RUSSEL: First off, spontaneously combusts? If that happens, I’m asking some serious questions. Area would need to be locked down: nobody goes in or out, get forensics in. ’Cos people don’t just combust, y’know? Not in my lifetime.
2D: What about that inflatable lady Murdoc kept in his cupboard?
RUSSEL: Oh yeah. She lit up like the Fourth of July during a post-coital cigarette. But let’s suppose forensics found no foul play at the scene… If we had to replace 2D, maybe we’d bring in Shirley Bassey – a national treasure and she sings like an angel, just like 2D. Of course, that’d make Shirley the number one suspect in 2D’s vaporisation. She had the most to gain.
What’s the most ‘rock star’ thing you’ve ever done?
2D: That’s more Murdoc’s department. I get a bit tired of the rock star stuff. Someone once threw their knickers at me on stage. They were dirty, so I took them home and put them on a 60°C wash. I gave them back to her at the next gig. Then she started bringing her laundry to me at every gig. It got quite time-consuming. Especially the woollens.
What advice do you have for young, aspiring pop stars?
2D: Being a pop star is cool sometimes, but not other times, like when people take photos of you going to the toilet. So I’d say, “Don’t get into it for fame; do it ’cos you enjoy it.” My favourite job was running the dodgems at Eastbourne funfair. I’d go back in a second, but Murdoc threatened to take me down, Gladiator-style, if I ever left Gorillaz. He has a whip and a trident, and a leather loincloth, so I know he’s serious.
2D, which of the survival skills you learned on the desert island are proving most useful back in regular life?
2D: Learning that you need very little to get by in life: just a fire and some food. It was an enlightening experience. I’m actually hoping to go back to the island some day – partly to learn more survival skills, and also ’cos I left one of my flip-flops. The flip, I think. Or maybe the flop. Never know which is which. The point is, they belong together – the distance must be really painful.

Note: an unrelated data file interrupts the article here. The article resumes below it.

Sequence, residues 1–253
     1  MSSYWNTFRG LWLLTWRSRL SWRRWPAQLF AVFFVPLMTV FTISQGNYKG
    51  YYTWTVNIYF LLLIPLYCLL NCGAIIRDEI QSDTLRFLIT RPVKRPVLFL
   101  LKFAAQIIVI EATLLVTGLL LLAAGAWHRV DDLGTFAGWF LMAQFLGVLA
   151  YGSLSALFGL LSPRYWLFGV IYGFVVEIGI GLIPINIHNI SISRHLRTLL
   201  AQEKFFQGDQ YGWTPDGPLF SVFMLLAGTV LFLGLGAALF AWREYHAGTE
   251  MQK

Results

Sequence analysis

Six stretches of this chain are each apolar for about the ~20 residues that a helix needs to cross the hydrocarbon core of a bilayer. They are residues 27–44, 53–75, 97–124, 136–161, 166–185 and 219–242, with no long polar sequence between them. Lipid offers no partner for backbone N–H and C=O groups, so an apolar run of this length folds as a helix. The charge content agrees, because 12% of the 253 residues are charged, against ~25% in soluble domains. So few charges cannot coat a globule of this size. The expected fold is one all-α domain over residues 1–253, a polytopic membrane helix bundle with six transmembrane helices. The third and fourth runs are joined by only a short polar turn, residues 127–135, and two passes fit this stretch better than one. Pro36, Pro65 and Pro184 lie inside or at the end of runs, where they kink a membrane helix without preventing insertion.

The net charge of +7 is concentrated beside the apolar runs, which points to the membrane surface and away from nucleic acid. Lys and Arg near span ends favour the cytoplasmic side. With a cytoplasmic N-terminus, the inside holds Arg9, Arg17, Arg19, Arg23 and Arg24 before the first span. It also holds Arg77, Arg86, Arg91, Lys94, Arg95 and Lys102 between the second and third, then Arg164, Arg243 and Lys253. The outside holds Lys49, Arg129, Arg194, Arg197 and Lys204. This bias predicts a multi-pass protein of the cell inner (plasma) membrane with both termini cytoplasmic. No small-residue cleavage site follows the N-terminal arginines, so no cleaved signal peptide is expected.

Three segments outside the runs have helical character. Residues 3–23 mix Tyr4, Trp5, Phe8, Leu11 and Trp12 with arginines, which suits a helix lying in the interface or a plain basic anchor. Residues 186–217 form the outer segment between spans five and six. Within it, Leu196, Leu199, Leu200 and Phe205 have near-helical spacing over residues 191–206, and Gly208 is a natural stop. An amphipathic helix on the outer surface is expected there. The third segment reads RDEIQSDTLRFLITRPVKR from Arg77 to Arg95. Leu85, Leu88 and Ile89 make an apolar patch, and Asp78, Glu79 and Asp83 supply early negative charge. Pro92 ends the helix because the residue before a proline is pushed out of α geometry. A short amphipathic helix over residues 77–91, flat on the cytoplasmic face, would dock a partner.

If there had been no whale to live off on that island and you’d been forced to cannibalise yourself, which of your own body parts would you eat first?
RUSSEL: What is wrong with you, man? That’s messed up! What, you want me to say I’d chew on my big, sweet ass? That what you want? That I’d chew my own ass? No way I’m saying those words. You’d only quote me out of context. I know how you people work.
2D: I’m a humanitarian, which means I don’t eat human meat. But you’d be surprised how much nourishment you can get from eating your clothes. I made quite a nice shredded T-shirt salad to accompany the whale blubber.
Russel, on your latest adventure you grew 60 times your normal size. How does your perception of the world change when you’re a giant?
RUSSEL: You learn that people can be very uncivilised when it comes to a person’s weight. They’re always judging. Sure, I was big, but I’ve got an underactive thyroid. People see a towering giant and assume you’re awake all night, sobbing into an empty tub of Cherry Garcia while listening to All By Myself by Celine Dion. It was MY THYROID!